falsification of the truth in which I was used as a dupe in<br />

part of an orchestrated campaign against cold fusion (an image<br />

of this Press Release appears on page 76)—EFM<br />

<strong>MIT</strong> News Office PRESS RELEASE May 1, 1989<br />


For Immediate Release May 1, 1989<br />

<strong>MIT</strong> Contact: Eugene F. Mallove, Sc.D. Chief Science Writer<br />

CAMBRIDGE, Mass., May 1—Professor Ronald R. Parker,<br />

Director of the <strong>MIT</strong> Plasma <strong>Fusion</strong> Center responded today to<br />

an article published this morning in the Boston Herald, an article<br />

that he says has seriously misquoted him <strong>and</strong> given a largely<br />

incorrect view of his discussions with the Boston Herald’s<br />

reporter, Nick Tate.<br />

Professor Parker issued this statement:<br />

“The article erroneously characterizes remarks that I<br />

made regarding the cold fusion experiments done at the<br />

University of Utah. Specifically, I did not: (1) Deride the<br />

University of Utah experiments as “scientific schlock” or (2)<br />

Accuse Drs. Fleischmann <strong>and</strong> Pons of ‘misrepresentation<br />

<strong>and</strong> maybe fraud’.”<br />

Today, Professor Parker’s colleagues will present a paper<br />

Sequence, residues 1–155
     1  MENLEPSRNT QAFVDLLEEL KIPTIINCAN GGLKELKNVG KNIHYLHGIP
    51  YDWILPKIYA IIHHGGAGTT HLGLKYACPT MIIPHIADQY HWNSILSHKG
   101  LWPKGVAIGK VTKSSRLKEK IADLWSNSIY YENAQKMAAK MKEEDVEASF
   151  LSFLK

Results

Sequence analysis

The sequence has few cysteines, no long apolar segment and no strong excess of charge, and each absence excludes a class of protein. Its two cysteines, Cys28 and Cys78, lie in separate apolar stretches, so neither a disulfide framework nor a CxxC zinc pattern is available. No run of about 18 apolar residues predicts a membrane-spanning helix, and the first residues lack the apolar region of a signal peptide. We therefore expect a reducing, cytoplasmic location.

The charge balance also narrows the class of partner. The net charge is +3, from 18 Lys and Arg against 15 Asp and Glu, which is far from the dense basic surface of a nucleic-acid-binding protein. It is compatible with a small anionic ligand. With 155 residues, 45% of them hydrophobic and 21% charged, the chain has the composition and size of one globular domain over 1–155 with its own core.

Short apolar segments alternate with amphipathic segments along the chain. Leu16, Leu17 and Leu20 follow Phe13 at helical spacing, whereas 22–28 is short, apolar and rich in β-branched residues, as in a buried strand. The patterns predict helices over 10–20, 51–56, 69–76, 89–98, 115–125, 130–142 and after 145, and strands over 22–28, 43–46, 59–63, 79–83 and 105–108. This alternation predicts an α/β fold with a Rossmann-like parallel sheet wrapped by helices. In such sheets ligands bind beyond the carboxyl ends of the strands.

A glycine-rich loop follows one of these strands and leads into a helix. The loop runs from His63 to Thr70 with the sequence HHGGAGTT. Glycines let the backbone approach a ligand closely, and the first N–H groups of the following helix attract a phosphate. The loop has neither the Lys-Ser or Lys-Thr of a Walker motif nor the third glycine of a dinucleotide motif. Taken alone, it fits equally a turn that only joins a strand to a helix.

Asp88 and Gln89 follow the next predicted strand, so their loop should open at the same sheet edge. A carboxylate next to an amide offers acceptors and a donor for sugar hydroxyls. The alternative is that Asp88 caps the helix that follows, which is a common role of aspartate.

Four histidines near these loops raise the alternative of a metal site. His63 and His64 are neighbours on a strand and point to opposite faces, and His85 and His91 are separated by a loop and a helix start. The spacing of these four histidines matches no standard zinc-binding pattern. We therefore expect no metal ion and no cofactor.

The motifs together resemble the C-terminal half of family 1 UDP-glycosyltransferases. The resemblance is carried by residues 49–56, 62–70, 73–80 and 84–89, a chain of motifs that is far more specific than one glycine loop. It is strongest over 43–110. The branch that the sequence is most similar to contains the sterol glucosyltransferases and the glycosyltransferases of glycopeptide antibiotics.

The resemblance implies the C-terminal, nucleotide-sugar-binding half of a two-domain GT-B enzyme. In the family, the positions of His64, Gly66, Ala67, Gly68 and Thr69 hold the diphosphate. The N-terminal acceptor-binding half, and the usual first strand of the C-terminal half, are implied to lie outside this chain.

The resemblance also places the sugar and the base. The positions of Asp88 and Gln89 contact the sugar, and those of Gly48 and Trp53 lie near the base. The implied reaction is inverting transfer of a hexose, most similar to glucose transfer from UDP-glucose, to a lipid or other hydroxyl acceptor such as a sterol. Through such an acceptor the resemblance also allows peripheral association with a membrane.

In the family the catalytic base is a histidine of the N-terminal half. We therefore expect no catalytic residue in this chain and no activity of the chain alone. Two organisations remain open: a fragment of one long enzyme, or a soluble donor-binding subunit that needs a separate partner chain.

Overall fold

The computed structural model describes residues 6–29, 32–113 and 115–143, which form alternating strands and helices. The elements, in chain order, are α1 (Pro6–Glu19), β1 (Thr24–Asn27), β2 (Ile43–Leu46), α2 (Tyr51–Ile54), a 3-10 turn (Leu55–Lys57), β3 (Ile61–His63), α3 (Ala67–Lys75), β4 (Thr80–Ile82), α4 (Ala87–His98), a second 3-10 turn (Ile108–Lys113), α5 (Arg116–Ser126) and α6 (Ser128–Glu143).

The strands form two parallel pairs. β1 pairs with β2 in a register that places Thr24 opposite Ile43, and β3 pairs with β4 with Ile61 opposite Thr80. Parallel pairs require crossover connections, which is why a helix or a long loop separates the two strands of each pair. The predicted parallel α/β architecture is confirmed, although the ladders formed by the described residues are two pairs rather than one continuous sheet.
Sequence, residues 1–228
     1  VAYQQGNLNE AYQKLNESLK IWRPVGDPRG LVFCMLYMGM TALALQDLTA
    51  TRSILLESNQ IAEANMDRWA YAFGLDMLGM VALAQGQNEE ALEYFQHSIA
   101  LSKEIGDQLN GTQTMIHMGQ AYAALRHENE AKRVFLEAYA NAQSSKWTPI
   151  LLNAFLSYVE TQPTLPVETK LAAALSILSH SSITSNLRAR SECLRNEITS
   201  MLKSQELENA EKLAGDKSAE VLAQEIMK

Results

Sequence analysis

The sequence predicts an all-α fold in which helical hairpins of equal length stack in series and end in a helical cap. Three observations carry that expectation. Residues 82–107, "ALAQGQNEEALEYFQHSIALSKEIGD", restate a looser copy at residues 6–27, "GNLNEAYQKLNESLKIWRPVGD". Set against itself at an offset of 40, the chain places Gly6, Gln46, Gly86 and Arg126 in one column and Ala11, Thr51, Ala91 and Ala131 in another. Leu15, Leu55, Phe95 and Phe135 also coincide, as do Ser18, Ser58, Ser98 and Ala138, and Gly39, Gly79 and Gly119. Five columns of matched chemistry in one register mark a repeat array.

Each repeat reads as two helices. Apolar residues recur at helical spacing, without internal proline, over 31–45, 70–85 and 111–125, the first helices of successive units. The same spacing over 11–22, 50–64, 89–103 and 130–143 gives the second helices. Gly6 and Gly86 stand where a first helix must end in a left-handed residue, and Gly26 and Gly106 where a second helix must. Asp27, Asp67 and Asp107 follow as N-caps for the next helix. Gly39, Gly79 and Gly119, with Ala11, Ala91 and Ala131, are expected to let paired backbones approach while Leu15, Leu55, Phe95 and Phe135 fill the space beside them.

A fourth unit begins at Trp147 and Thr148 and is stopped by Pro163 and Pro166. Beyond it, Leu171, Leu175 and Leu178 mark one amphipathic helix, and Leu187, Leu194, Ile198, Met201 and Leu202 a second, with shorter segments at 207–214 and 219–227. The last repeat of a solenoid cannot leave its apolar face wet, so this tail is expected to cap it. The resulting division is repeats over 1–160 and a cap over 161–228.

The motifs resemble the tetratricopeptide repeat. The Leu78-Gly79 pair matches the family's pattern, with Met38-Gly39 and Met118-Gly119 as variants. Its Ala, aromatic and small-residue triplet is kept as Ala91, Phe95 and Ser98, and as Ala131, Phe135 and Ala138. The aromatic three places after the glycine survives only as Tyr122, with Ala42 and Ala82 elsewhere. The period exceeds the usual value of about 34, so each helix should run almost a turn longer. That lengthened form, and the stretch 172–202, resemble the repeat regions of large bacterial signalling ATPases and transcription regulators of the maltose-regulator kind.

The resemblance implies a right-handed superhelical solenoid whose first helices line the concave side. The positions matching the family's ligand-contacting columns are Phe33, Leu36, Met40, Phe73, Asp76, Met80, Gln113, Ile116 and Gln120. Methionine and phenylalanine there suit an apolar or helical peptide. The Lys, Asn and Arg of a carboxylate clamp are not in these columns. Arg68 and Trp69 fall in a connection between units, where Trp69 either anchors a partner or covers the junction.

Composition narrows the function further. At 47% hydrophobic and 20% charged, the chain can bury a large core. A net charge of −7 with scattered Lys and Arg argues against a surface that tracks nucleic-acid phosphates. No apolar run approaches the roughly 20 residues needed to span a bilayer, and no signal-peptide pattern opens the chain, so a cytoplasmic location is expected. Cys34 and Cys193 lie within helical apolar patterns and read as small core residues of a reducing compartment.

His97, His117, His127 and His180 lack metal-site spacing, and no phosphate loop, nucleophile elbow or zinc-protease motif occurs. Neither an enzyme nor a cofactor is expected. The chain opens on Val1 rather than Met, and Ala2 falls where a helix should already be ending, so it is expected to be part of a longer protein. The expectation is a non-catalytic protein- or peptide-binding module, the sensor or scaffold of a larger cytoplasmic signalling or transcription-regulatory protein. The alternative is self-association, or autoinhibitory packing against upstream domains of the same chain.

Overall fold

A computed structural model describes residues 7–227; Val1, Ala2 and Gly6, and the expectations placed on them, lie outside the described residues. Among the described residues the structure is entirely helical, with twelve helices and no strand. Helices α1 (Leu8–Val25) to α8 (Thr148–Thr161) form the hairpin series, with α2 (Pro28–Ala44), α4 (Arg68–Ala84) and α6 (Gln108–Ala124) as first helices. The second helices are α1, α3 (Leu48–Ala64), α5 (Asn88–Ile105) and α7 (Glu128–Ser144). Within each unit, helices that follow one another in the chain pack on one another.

(co-authored with him) at the meeting of the American<br />

Physical Society in Baltimore, Maryl<strong>and</strong>, in which they suggest<br />

that data that Drs. Pons <strong>and</strong> Fleischmann claim support<br />

the observation of neutron emission in their experiments<br />

were misinterpreted by Pons <strong>and</strong> Fleischmann.<br />

Based on their independent analysis, the <strong>MIT</strong> researchers<br />

say that if neutron emission occurred in the Pons <strong>and</strong> Fleischmann<br />

experiment that they reported in the Journal of Electroanalytical<br />

Chemistry, it would have been at a level far<br />

below that reported by the University of Utah group.<br />

Exhibit D — Boston Globe Letter to<br />

<strong>MIT</strong> President Paul Gray —April 17, 1989<br />

There is convincing evidence (see Exhibit B) that Prof. Parker<br />

had made a deliberate attempt to exclude the “cheer-leading”<br />

Boston Globe from getting access to the <strong>MIT</strong> PFC in the hectic<br />

early days of the cold fusion uproar. Frustrated Globe science<br />

writer Richard Saltus wrote an extraordinary letter on April 17,<br />

1989 to then <strong>MIT</strong> President Paul E. Gray. This was before the<br />

Herald’s bombshell story of May 1, 1989 broke!—EFM<br />

The Boston Globe, Boston Massachusetts 02107<br />

Telephone 617-929-2000<br />

Paul E. Gray, President, Massachusetts Institute of Technology<br />

Dear Dr. Gray:<br />

We in the Sci-Tech section have always regarded <strong>MIT</strong> as a rich <strong>and</strong><br />

crucial source of ideas <strong>and</strong> information. The News Office does an<br />

invaluable job in bringing stories to our attention, <strong>and</strong> the faculty <strong>and</strong><br />

staff generally are very helpful when we call on their expertise. In addition,<br />